The NATO military alliance will not offer Russia any guarantees regarding the deployment of nuclear weapons to prospective member states Sweden and Finland, with a senior official in the bloc stressing that such decisions must be left to individual nations.
Speaking to Swiss broadcaster RTS for an interview over the weekend, NATO’s Assistant Secretary General for Defense Investment Camille Grand was asked whether Western powers should provide nuclear assurances to Moscow in light of recent membership applications from Stockholm and Helsinki, which asked to join alliance following Russia’s attack on Ukraine earlier this year.
“Every country is free in the nuclear field to deploy or not to deploy such weapons. We are not talking about setting up some principle restrictions on the possible actions of the alliance,” he said, adding “This is a discussion that centers on the sovereignty of each member state of the alliance.”
I do not believe it is necessary, in the current context, to provide any guarantees whatsoever to Russia on our military posture in the region.
Five NATO states currently host American nuclear weapons on their soil, including Turkey, Italy, Germany, Belgium and the Netherlands. Seven other members participate in the bloc’s SNOWCAT program – under which non-nuclear nations offer conventional air support for nuclear operations – while all 30 members of the alliance with the exception of France belong to its nuclear planning group.
Grand went on to say that the accession of the two Nordic states would not “radically change the strategic or military situation” in the region, arguing that “We do not have the intention nor the means to invade Russia, or carry out offensive actions against Russia,” and that Moscow “know this very well.”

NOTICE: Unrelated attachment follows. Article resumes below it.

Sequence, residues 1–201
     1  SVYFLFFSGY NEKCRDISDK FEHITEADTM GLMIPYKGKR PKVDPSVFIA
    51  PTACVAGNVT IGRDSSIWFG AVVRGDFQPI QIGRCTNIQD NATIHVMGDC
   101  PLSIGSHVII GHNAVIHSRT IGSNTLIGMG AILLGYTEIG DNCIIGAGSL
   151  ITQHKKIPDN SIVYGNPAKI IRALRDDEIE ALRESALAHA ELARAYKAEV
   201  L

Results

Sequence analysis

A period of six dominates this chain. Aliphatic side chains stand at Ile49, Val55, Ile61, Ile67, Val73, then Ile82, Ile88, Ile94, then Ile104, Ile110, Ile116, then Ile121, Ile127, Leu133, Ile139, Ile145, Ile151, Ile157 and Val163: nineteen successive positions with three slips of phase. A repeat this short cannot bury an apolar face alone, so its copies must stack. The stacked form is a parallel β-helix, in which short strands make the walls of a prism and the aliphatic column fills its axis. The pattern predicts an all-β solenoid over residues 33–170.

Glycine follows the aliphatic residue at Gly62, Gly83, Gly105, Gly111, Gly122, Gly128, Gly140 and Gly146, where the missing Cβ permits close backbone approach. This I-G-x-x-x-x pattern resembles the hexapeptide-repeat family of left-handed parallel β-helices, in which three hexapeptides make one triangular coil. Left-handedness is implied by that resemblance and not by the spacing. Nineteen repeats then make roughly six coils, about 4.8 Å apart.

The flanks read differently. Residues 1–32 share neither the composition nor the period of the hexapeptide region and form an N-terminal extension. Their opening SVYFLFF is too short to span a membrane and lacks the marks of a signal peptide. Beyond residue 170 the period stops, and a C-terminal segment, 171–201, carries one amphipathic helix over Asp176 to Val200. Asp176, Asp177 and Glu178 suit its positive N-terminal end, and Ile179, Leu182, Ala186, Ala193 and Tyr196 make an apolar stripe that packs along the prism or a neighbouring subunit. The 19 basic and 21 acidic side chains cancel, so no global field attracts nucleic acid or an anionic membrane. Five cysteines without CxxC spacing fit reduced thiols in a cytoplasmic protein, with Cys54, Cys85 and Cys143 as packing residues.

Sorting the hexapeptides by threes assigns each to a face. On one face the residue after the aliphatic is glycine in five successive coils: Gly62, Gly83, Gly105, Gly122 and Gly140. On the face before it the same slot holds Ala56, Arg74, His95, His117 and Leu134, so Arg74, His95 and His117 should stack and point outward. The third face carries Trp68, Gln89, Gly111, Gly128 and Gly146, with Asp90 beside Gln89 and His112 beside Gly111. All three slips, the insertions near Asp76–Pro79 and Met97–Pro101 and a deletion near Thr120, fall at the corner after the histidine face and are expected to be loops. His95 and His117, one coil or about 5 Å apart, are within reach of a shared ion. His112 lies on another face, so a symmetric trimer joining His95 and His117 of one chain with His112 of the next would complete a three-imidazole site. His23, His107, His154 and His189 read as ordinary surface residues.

Nonetheless, the official said Sweden and Finland both have “military capabilities of value,” and that the alliance is doing everything possible to ensure their applications are “quickly” accepted. Though Turkey has raised objections to the proposal, accusing Helsinki and Stockholm of harboring Kurdish armed groups, Grand said he remains “optimistic that we will succeed in finding a consensus.”
During a previous sit-down with a French radio station in May, the NATO official argued that the two nations moved to join the bloc as a “direct consequence” of Russia’s actions in Ukraine, but noted that nuclear deployments to Sweden or Finland are currently not on the table.
Though Moscow has repeatedly railed against the eastward expansion of the US-led military alliance, its reaction to the latest membership applications was somewhat subdued. Addressing a gathering in the Russian capital last month, President Vladimir Putin said the Kremlin “has no problems” with either Stockholm or Helsinki and that their membership in NATO would “not pose a direct threat.”